Sightings Report - August 22nd 2019

Earlier this week we spent a majority of our trip around Race Rocks. We usually stop by this ecological reserve on our tours for the different species of pinnipeds, and the T109As decided to do the same on this particular day!

We were able to see a lot of playful behavior from the youngsters of the group. We also saw quite a few on-edge sea lions swimming in the water nearby.

Southeast of Race Rocks, BC Nova also spotted a large humpback indulging in some bull kelp!

Capt Tom
Sightings Report - August 16th 2019

The T101s passed by Victoria earlier this week! This family consists of T101, a 50 year old female, and her three sons. One of her sons, T102, was likely adopted by her.

The group of 4 passed Sooke by noon and were around San Juan Island by the evening! Biggs killer whales can travel up to 100 km in a single day. Where they travel to cannot be predicted; all we know is they make their travel plans primarily around food.

We also saw a variety of wildlife at Race Rocks and were able to spot a few humpback whales south from there!

Capt Tom
Sightings Report - August 12th 2019

It’s humpback land out in the Juan de Fuca straight right now! Dozens of individuals have been feeding and socializing within a few miles of each other. The other day, we caught a glimpse of some playful behaviors! MMX0085 Zeppelin had draped some bull kelp over his dorsal, then around his fluke!

We’ve still been seeing Steller and California sea lions crowding up Race Rocks! Being able to travel south to the humpbacks gives us the opportunity to go by this ecological reserve to view these giant pinnipeds, along with the other variety of wildlife visiting Race Rocks!

Capt Tom
Sightings Report - August 10th 2019

T65A2, a 15 year old Biggs killer whale, made a visit to downtown Victoria Harbour yesterday morning! It is an extremely rare occurrence for orcas to enter the harbour, so this was quite the surprise!

T65A2 recently started traveling with his aunt, T65B, and her family while spending some time away from his mom, T65A. The past few days he's been on his own sticking close to land. In the afternoon, we caught him heading north off Oak Bay. Perhaps he's going through his rebellious teenage years and spending some time on his own to figure things out :)

The Steller and California sea lions have also returned to Race Rocks in huge numbers! In one direction you could see two males fighting over the comfiest spot on the rocks, in another two were playfully fighting in the water, and all over there was cuddling and snuggling!

Capt Tom
Sightings Report - August 7th 2019

We watched these apex predators circle the rocks in search of harbour seals around the Shaw Island in the US Gulf Islands. This family of four consists of T18, T19, and T19's two sons, T19B and T19C.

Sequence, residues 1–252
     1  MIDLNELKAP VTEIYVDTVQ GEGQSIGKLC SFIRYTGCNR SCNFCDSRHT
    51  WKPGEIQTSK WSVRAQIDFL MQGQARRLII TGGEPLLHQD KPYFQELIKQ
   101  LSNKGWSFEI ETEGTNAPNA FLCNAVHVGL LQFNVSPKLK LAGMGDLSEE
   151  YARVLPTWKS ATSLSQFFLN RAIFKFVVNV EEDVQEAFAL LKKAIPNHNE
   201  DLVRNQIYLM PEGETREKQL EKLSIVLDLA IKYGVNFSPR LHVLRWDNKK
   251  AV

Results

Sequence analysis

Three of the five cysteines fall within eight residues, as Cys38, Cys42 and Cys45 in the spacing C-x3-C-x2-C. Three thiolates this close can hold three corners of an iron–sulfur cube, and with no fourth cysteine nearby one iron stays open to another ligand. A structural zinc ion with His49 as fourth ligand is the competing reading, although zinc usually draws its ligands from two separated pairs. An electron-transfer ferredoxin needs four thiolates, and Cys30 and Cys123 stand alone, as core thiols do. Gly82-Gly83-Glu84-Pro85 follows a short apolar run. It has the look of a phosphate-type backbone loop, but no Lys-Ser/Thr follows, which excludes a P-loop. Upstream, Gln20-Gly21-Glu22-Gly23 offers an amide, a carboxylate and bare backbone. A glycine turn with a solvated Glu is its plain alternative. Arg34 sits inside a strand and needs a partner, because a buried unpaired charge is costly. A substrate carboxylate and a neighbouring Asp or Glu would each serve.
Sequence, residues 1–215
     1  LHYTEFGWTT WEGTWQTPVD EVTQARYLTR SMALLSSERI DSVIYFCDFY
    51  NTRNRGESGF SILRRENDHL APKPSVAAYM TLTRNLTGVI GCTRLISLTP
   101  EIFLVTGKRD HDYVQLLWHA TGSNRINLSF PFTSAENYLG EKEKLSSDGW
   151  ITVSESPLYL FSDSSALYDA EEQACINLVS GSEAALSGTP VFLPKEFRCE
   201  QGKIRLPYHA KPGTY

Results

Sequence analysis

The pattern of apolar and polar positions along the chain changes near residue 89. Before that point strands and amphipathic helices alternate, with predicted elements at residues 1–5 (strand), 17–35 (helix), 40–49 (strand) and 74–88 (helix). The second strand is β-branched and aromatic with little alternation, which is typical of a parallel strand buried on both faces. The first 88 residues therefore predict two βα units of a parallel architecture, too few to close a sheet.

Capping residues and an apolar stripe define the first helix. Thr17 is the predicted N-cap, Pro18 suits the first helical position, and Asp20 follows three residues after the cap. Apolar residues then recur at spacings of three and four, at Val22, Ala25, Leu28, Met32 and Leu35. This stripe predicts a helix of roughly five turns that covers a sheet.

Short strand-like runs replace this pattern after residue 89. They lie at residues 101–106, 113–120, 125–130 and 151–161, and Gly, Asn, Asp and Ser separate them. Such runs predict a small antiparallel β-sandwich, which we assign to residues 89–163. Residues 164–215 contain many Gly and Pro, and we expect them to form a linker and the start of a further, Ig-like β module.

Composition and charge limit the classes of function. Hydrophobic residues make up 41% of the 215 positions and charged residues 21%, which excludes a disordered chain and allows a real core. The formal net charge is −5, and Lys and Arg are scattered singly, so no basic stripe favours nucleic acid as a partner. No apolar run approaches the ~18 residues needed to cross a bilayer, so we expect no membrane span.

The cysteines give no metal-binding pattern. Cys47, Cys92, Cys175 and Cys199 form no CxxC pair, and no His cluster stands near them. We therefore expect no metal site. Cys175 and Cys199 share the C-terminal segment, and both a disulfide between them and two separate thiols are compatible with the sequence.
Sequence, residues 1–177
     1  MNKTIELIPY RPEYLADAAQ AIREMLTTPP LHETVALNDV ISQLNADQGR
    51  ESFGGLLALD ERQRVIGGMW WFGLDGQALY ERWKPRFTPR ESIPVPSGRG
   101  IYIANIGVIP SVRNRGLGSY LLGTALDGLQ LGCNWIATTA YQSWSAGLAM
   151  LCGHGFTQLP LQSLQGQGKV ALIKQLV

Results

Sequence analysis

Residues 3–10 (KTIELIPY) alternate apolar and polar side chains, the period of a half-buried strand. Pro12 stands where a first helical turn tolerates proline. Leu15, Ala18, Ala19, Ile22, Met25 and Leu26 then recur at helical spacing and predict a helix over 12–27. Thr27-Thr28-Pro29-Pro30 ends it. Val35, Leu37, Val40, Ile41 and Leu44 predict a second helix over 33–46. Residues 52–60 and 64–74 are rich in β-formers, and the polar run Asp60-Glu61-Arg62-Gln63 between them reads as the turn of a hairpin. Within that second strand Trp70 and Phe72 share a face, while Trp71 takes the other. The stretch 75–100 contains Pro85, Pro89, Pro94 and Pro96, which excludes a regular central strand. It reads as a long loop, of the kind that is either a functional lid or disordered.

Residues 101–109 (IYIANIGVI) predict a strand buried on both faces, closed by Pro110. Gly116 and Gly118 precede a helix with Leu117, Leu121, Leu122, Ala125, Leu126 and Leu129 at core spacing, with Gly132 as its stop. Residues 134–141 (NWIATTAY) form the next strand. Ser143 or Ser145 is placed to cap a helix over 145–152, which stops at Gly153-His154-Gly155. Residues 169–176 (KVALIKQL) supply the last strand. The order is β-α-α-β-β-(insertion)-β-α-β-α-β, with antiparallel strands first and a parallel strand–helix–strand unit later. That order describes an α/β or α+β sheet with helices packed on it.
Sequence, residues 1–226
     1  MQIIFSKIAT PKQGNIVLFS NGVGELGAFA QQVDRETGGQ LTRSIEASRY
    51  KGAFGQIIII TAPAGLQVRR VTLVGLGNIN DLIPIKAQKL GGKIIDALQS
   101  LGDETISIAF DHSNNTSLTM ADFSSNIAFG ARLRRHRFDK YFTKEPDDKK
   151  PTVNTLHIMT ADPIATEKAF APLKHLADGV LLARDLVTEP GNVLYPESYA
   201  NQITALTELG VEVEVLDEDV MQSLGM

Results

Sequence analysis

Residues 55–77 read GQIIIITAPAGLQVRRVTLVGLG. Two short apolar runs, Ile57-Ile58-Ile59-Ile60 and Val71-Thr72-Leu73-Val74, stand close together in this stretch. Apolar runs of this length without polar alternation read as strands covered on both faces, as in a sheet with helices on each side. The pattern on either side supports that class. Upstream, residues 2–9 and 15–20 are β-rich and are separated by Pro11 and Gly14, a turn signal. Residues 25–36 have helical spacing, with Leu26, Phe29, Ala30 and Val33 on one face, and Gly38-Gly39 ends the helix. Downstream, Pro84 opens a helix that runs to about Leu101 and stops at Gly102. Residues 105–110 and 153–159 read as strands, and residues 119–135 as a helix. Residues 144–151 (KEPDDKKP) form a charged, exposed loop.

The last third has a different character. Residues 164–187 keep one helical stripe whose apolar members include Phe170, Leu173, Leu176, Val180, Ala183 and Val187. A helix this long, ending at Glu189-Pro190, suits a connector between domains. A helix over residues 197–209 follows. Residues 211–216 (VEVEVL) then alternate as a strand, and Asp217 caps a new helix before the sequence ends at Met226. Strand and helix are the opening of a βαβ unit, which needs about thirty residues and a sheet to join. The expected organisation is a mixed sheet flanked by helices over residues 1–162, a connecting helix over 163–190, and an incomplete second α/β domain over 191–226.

The orcas are at a disadvantage when the seals are hauled out on the rocks. If they were to try lunging and grabbing one, the sharp surface scraping against their skin could injure them.

Although harbour seals rest out of the water, they struggle to maneuver their chunky bodies on land. When they sense danger, their immediate instinct is to escape into the water where they are fastest. The orcas know this and use it to their advantage. They will swim right beside the rocks, making their presence known to initiate fear into the seals. This tactic differs greatly from their usual quiet, sneaky approach. If one seal falls victim to their panic, they will attempt an escape by going into the water, where the orcas can hunt them with more ease.

While we were on scene, a hunt took place underwater. We only knew one occurred when T19B swam by a boat with a chunk of flesh in his mouth.

Witnessing such calculated thinking and teamwork from these whales really reminds you how intelligent they are!

Capt Tom
Sightings Report - August 4th 2019

The T65As spent most of yesterday in the Saanich Inlet. They were staying close to the shore looking for prey.

Shortly after we arrived, they stopped and began a hunt. They appeared to be teaching differen techniques to the newest member of the family, 1 year old T65A6!

After they fed, they continued traveling close to land out of the inlet.

Capt Tom
Sightings Report - August 2nd 2019

We had amazing encounters yesterday with Biggs killer whales and humpback whales only a couple miles apart from each other.

T46B1 and her two offspring, T46B1A and T46B1B, were slowly traveling west past Sooke. We were able to see the clear contrast between T46B1B, the gray calf with a rare genetic condition affecting his pigmentation, and his mother and sister, who do not have the condition.

Afterwards, we headed south to find humpback whales. We had close encounters with two grown humpbacks who came over to check us out. Then, a young calf surprised us by popping up next to the boat. He not only examined the boat, but was clearly examining those on board. Mom came over to check us out as well!

Being able to view wildlife without disturbing their natural behaviors is a priority, but the rare occasion where the animals we are observing make the choice to come over and observe us is a humbling, gratifying experience!

Capt Tom
Sightings Report - July 26th 2019

Last night we caught up with the T46Bs, who were traveling at 8 - 13 knots (14 - 24 kph) southwest! Once we managed to get to them, they stopped to hunt and make a kill. Although what they were hunting remained hidden under the waves, we were able to see fast, powerful surfacing from the orcas! After feeding, they exhibited quite a bit of curiosity, suddenly popping up to the few boats on scene and checking them out.

Capt Tom